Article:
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Nevada is a right-to-work state, but the Culinary Union is very strong in Southern Nevada. While the union will not likely change people’s opinion of Barack Obama or Mitt Romney, it could help to get out the union vote. This would favor Obama and local Jewish favorite Berkley, who has been Nevada’s congressional representative from Southern Nevada since 1999. She is currently running for the U.S. Senate against a Republican incumbent. Her congressional voting record reflects the staunchest support for Israel and its governing party on the one hand, and an equally strong advocacy on civil rights, women’s issues, gun control and organized labor on the other.
In the past, her re-election to Congress from a safe district was virtually ensured, but she is now carrying some unwanted (and, her supporters would say, “underserved”) baggage. The Republican-controlled House Ethics Committee is investigating whether Berkley’s successful opposition to the federal closing of a Las Vegas kidney transplant center where her husband works was a conflict of interest. The timing and outcome of that investigation will certainly add drama to her race. Pundits had speculated that in order for her to win, she would need 55% percent of the Las Vegas vote and a break-even outcome in Northern Nevada. A growing number of Nevada Jews stand in opposition to Israeli policies regarding the Palestinians, but that is not likely to deter them from supporting Berkley, who frequently expresses hawkish views on Israel.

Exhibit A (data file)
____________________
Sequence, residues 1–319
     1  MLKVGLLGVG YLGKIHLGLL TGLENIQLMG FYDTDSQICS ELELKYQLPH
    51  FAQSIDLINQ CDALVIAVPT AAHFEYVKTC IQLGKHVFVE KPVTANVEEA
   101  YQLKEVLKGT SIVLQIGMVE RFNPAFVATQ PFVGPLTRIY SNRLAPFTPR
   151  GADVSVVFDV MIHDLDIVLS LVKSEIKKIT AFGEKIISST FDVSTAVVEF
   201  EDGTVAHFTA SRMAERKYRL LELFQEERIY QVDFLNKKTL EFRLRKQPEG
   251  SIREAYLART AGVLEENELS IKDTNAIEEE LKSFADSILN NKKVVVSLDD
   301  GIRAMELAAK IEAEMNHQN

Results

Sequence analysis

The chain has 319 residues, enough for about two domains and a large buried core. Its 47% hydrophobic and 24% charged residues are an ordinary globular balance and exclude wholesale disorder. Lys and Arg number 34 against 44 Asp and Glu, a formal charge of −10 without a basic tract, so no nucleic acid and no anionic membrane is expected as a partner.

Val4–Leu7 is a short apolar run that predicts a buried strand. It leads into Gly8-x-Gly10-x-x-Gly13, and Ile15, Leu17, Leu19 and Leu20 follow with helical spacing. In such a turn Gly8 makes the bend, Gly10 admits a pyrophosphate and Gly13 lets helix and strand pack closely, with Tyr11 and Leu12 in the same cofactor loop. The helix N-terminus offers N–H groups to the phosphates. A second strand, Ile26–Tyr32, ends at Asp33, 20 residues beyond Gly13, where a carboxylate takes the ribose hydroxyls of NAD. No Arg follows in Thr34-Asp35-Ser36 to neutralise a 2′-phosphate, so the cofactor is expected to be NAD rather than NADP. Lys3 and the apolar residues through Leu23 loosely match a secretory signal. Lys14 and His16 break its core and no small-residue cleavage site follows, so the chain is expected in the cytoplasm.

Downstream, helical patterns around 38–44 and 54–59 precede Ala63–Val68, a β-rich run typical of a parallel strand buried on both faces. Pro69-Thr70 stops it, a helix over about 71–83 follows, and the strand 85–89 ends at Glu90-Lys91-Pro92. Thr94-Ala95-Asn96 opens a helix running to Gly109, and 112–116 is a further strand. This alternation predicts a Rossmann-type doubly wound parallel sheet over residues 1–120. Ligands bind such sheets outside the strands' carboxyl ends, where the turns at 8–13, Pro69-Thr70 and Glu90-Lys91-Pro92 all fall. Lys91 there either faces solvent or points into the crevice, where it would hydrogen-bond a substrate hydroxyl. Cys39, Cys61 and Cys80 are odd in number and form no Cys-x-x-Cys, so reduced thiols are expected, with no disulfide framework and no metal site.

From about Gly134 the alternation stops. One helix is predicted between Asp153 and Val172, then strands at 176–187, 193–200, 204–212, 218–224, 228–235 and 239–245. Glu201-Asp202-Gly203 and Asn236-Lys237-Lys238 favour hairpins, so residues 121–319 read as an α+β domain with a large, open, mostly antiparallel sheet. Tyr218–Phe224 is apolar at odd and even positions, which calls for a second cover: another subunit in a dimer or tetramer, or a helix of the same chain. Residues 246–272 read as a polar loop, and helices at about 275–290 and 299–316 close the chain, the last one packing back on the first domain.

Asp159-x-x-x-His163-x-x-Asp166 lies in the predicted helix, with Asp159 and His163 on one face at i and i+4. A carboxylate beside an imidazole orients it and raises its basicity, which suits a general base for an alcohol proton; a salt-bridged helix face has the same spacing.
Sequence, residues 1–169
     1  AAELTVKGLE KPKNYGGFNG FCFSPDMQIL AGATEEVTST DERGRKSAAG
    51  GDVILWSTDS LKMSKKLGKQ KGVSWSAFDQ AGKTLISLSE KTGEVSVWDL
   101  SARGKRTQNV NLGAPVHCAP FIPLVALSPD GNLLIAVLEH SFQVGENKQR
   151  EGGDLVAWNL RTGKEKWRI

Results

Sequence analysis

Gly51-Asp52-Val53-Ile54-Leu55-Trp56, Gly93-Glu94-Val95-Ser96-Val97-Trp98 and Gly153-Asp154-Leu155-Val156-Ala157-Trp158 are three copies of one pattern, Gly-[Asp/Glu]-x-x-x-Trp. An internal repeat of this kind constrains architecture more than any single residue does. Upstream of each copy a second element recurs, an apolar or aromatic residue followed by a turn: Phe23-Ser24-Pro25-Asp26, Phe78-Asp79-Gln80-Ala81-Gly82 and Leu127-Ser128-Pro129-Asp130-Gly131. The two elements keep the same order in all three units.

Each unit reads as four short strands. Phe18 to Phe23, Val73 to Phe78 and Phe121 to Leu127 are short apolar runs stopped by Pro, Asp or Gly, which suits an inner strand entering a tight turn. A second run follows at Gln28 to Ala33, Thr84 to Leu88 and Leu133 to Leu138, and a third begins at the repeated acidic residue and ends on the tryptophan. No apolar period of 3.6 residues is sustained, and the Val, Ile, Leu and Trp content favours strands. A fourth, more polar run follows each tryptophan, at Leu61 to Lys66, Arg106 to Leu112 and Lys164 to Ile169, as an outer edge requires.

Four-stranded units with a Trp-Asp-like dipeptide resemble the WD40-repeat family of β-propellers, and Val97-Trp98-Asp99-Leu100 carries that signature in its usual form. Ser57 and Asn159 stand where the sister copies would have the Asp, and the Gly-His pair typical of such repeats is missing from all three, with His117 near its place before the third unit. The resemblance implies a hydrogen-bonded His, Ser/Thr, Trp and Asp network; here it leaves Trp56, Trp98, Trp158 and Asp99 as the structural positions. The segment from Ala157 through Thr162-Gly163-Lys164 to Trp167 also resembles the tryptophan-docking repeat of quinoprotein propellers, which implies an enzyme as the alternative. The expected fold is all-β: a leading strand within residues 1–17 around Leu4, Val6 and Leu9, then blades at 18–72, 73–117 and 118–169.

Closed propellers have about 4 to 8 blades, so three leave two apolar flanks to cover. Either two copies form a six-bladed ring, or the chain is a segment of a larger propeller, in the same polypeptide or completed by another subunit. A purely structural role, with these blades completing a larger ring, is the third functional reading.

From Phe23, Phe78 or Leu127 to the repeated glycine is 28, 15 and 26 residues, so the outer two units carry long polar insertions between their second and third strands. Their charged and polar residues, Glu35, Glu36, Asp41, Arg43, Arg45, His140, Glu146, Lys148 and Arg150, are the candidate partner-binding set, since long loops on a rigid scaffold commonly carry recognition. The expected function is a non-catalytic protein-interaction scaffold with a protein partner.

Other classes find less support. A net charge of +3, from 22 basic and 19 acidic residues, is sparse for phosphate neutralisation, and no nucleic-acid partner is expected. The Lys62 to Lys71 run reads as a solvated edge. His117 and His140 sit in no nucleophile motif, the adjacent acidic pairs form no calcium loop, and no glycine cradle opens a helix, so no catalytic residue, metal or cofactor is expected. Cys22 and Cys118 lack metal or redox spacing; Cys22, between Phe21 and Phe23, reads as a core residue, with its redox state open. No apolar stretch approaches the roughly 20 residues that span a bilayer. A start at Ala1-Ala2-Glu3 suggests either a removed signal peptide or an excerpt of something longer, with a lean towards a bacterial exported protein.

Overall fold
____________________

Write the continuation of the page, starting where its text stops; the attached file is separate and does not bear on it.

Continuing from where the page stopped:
Las Vegas resident Adelson is among the wealthiest people in the world and is an unapologetic supporter of Benjamin Netanyahu and his Israeli politics. While he is admired by some for his business acumen and appreciated for his local philanthropy, it is unlikely that these attributes would move conservative Jewish Democrats or independents to vote Republican. Some observers have even warned that Adelson’s multimillion-dollar support for Newt Gingrich and the Romney-Ryan ticket, as well as his planned developments in Spain, may create a blowback among those caught up in Nevada’s economic crisis and who resent a rich man’s meddling. No one denies, however, that Adelson’s one vote is freighted heavily against Obama and Berkley, who once worked for Adelson but had a public falling-out over the casino magnate’s views on unions.
Richard Siegel, emeritus professor of political science at the University of Nevada, Reno, sees some conflicting trends that complicate predictions of the Nevada Jewish vote. Older Jews unflinchingly support Israel, he says, while younger Jews are increasingly less concerned about Israel as a national imperative. He believes these older Nevada Jews will strongly support Obama in 2012 but at a rate of 5% to 10% lower than in 2008, due to changes in their socioeconomic status and consequent tilt to the right.
Prototypical Nevada Jews are religiously unaffiliated, female, more than 55 years of age, relatively well educated, generally secure economically and, if not retired, employed in a managerial or professional position. Their politics — traditionally Democratic — will be challenged statewide by a much larger block of voters, the Mormon population that is traditionally Republican, and by members of the small but well-heeled Republican Jewish Coalition, who will try to chip away at these Jewish voting patterns. At stake are five electoral votes and possible control of the U.S. Senate. Predicting a Jewish vote in Nevada is a gamble. To paraphrase Christian Scripture and Jewish jest, “Where two or three are gathered together, there is a fourth or fifth opinion in the midst.”
John Marschall is professor emeritus in history from the University of Nevada, Reno, and author of “Jews in Nevada: A History” (University of Nevada Press, 2008).